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We all go through our own personal cinematic journey growing up. For those of us completely obsessed with cinema, the films we see at a young age shape our tastes and many aspects of our personality, changing our lives in the process. In this column, We look at some of LimeTree’s favourite directors and find out how they found their way into our sphere of influence.

This week we’ve been giving some consideration to the filmography of Martin Scorsese, arguably the greatest American film-maker. Like Kubrick, Scorsese spent much of his career unhonoured by the Academy, but many films from his prolific output are ranked by critics and audiences amongst the best of all time. He finally won the Academy Award for Best Director for the crime drama The Departed (2006) after decades of snubs for superior films. Marty rose to prominence during the 70’s and along with Francis Ford Copalla, Steven Spielberg, William Friedkin, Hal Ashby and Peter Bogdanovich, was at the forefront of ‘The New Hollywood’ that took European aesthetic and popularised the notion of the auteur to western audiences. Mean Streets, Taxi Driver, Raging Bull, Goodfellas are all enduring classics. More recently, Hugo, Shutter Island and The Wolf of Wall Street all prove Scorsese’s continued relevance and popularity.

While his films are often profane, provocative and violent, (Scosese’s Catholic background often grounds his movies in themes of crime, guilt and redemption) he is first and foremost a lover and curator of cinema history. He understands it’s language while adding to it simultaneously.

Liam:

Mmm, that’s a tough one. Either mean streets (1973) or taxi driver (1976). Gonna go for taxi driver. It’s an amazing vision of mental health, isolation and obsession in a big city. Travis Reminds me of those trolls on twitter, filled with unfocused hate and believed unfulfilled potential. Except he actually kills people. Lol.

I think cape fear (1991) was my first. I remember watching that when I was way too young.

Mark:

I can’t watch it without thinking about the Simpsons now, although that scene with Deniro and Juliet Lewis on the stage at her school is still really tense.

Liam:

I watched it recently and it still holds up. Probably Deniro’s scariest role except for as the villain in The Adventures of Rocky and Bullwinkle.

Richard:

I love that bit in Cape Fear where Sideshow Bob keeps stepping on the rakes!

Joe:

This one’s an easy one. My favourite is Taxi Driver, I feel it’s a perfect movie and made at a time when American was making cinema gold. The unusual editing by Thelma Schoonmaker, the performances, Bernard Herman’s last score plus Marty’s performance as a director makes this my favourite. The first film I saw was Goodfellas, which seemed to be constantly shown on channel 4. It’s probably one of my most watched films and is a modern classic.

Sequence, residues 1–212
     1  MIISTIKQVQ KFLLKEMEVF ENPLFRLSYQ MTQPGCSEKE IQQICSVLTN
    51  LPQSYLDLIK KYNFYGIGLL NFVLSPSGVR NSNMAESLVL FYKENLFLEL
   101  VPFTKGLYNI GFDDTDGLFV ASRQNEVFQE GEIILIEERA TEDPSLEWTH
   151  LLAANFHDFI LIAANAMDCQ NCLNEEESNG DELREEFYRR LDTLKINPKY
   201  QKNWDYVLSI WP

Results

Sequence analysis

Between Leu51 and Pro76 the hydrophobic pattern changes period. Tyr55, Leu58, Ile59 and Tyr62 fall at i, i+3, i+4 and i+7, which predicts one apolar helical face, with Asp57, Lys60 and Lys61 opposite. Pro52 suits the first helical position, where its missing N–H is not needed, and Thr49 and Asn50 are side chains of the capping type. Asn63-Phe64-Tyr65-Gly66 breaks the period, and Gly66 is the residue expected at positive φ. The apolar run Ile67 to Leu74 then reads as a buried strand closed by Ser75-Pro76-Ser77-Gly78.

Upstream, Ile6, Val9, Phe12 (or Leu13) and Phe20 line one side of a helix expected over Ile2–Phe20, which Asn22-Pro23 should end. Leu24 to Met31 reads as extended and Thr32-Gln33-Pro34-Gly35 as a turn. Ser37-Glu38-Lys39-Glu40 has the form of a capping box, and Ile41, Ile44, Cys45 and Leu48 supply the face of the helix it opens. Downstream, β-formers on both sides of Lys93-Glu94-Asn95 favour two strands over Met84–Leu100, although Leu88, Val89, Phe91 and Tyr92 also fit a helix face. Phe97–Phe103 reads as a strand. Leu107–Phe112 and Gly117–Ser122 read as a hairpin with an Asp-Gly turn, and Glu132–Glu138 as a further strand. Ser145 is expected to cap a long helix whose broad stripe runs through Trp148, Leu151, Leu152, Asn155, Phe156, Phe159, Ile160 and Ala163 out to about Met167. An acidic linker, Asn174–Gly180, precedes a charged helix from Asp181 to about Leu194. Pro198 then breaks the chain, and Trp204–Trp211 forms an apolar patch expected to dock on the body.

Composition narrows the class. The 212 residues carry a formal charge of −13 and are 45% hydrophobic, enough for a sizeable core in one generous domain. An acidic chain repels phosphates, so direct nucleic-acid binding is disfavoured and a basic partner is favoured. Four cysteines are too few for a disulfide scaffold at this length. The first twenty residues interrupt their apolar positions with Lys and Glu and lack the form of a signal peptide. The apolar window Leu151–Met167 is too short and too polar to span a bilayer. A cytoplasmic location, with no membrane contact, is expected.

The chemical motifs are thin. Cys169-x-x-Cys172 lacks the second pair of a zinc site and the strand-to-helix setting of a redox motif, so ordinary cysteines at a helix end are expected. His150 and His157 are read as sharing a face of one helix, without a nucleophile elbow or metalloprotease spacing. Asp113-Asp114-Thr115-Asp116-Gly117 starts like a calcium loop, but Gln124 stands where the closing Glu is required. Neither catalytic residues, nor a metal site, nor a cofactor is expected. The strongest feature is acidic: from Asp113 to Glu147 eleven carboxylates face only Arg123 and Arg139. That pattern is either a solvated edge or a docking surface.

Richard:

My first has to be Goodfellas. I honestly can’t remember a time when I hadn’t seen that movie. It’s hard to pick a favourite, but I think Goodfellas takes the biscuit. Not only is it one of the most accomplished, and deeply satisfying pieces of cinema, made by Scorsese or anyone else – He did it with Ray Liotta in a starring role!

That said, I’m pretty tempted to say Taxi Driver or The King Of Comedy and, if I had to pick one to watch right now it’d probably be Gangs of New York. #EarsAndNoses

Mark:

I can’t count the amount of times I’ve seen Goodfellas (1990). It’s difficult to remember when I first saw it but I’m reasonably sure it was when it first hit VHS rental likely in ’91. It was the most grown-up film my Dad had let me watch at that point. It’s completely entertaining and doesn’t fall flat at any point, even at almost two and a half hours. It’s a film that, if it’s playing on TV I feel compelled to sit down and watch regardless of where I’ve jumped in. So many quotable lines ‘Do you think I’m funny? Funny how?’, and such a great soundtrack. My favourite scene is the montage of mob hits set to the middle section of ‘Layla’ by Derek and the Dominos. I found it very powerful. Everyone usually points to Joe Pesci’s performance but in many ways it’s Lorraine Bracco’s movie. It’s so easy to see how the mob lifestyle would have been completely alluring. That aside, I love The King of Comedy (1983) with Deniro and Jerry Lewis. It’s hilarious, a bit disturbing and oddly slightly prophetic of the celebrity obsessed culture we’re engulfed in.

Mark Bartlett

You can find Mark’s articles on all things cinema related @deadlyfoe

Tony Zhou’s excellent video highlighting Marty’s eye or in this case ear for detail.